Praise be to the God and Father of our Lord Jesus Christ!

Keep Them Safe (again)

My first attempt to publish this did not seem to work so well! If you already saw it, then great… if not, here it is again! Thanks for your patience!

If you are tuning in, expecting the next in the series on Joseph, then don’t worry! I’ve not forgotten! I will return to the series on Joseph later this week (God willing, and Andy co-operating!) For today, I want to circle back to the subject of prayer.

I was praying for someone a little while ago and asked god to “Keep them safe!” It got me thinking about what I actually meant by the phrase. Clearly, I was thinking about their physical safety, but extends to their emotional and spiritual condition as well.

I am obviously asking God to keep this individual from harm, but what do I actually expect God to do in response to my prayer? Perhaps I am asking Him to restrict them from going outside? Surely, being inside closed doors is far safer than going outside? No… I do not think that is what I am asking at all.

So therefore, I must be asking God to keep them in relative safety while they are out and about, and living their daily lives. Living life is not “safe” though, is it? We take risks every single day, even if they are tiny. We take a chance every time we cross the street. If we do not look both ways, then there is a risk of being hit by a car. Taking it to extremes, staying at home may be little safer – people fall down the stairs, slip in the shower, or injure themselves in other ways.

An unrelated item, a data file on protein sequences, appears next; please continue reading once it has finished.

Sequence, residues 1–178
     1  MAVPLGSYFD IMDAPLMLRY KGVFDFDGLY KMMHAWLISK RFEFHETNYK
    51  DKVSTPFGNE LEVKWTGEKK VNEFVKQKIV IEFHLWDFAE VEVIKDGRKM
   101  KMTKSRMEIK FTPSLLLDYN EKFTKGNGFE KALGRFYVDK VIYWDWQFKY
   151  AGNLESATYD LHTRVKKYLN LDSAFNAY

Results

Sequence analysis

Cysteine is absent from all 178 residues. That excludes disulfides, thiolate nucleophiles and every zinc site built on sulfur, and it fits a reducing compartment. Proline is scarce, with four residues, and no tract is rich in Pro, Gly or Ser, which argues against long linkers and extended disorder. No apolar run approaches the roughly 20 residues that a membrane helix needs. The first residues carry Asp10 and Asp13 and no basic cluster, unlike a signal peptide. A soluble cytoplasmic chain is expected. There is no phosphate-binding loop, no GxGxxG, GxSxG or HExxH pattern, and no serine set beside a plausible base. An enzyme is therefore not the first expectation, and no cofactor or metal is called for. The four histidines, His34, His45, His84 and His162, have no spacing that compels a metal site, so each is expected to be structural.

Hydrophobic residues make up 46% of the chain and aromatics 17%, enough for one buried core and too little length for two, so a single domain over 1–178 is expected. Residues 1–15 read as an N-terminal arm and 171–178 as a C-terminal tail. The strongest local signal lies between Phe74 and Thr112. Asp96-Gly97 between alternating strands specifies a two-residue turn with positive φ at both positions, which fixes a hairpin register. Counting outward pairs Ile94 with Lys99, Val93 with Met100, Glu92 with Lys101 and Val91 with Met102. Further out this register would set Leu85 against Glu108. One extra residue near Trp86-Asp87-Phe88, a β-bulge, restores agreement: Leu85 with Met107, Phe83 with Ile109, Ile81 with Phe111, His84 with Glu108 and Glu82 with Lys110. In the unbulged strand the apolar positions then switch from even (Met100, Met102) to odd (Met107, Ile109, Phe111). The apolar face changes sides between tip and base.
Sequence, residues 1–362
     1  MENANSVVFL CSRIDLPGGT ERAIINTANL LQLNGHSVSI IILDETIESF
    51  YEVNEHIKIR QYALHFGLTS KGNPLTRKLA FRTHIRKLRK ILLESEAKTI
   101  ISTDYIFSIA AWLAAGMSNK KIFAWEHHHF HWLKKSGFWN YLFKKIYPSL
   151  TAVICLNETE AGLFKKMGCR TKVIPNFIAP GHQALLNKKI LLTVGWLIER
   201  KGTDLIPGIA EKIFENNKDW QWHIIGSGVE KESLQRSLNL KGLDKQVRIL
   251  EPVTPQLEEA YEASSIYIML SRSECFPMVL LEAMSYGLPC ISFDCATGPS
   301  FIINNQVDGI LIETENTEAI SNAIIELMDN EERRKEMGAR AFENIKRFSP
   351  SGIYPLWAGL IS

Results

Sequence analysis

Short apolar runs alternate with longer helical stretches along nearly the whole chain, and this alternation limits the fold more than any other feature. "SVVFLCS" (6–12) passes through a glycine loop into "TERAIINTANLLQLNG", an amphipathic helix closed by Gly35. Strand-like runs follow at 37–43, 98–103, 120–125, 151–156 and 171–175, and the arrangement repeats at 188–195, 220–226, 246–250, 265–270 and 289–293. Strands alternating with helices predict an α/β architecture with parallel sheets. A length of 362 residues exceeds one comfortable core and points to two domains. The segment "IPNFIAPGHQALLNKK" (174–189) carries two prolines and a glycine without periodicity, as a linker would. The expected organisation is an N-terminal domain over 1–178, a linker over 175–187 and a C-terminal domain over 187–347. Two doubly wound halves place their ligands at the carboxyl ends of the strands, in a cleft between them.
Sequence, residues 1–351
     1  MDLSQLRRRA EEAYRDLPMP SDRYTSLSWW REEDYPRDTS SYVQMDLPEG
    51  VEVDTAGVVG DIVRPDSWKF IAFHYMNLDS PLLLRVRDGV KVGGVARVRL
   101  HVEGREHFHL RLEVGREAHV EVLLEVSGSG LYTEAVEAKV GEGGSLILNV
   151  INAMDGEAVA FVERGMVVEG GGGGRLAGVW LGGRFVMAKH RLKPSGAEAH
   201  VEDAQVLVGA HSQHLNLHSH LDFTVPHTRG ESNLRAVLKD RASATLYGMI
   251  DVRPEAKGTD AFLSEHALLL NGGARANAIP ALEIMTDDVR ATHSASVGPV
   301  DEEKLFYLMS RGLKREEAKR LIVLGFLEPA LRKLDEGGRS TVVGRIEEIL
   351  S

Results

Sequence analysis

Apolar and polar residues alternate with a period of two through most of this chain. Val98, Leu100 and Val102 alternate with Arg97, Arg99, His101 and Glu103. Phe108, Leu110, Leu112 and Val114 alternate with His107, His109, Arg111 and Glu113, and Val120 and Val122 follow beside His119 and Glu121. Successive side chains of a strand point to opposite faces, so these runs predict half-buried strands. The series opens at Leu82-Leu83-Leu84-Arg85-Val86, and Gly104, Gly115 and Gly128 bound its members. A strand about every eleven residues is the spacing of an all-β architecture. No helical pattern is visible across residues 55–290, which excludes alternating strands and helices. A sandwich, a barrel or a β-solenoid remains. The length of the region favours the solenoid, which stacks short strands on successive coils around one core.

As above, life is simply not safe. And neither, at times, is God’s will.

When we look at how Christians are often treated in this world, and how many of our fellow brothers and sisters are martyred in Christ, we realise that God’s will is not always safe for us. While it may not be the safest place to be, it is always the best place to be.

Given this, perhaps there are times when praying that God will keep someone safe is to pray against His will. Instead of safety, we ought to pray for that person to have strength and wisdom to fulfil God’s call on their lives, or to face the good and the bad that life has to offer.

I want to examine my prayer life closely. I really want to think about the words that I use. When praying for people, I frequently say “Lord, bless them…” but as above, what do I actually mean by this? So often my view of a blessing may be quite different to God’s view. To some, winning the lottery might be a “blessing” but if it leads the person down a path of selfishness, greed and ultimately destruction, then it is no blessing at all.

We can learn much from the prayer that Jesus taught us.

He said to them, “When you pray, say,

‘Our Father in heaven,

    may your name be kept holy.

May your Kingdom come.

    May your will be done on earth, as it is in heaven.

3 Give us day by day our daily bread.

4 Forgive us our sins,

    for we ourselves also forgive everyone who is indebted to us.

Bring us not into temptation,

    but deliver us from the evil one.’”

Luke 11:2-4 (WEB)

No mention of safety here!

This prayer focusses primarily on God the Father. It seeks first His glory, will and kingdom, not our relative safety or blessing. Of course, it does go on to ask for our daily bread and that is not unimportant. Neither is the request to avoid temptation or to be delivered from evil.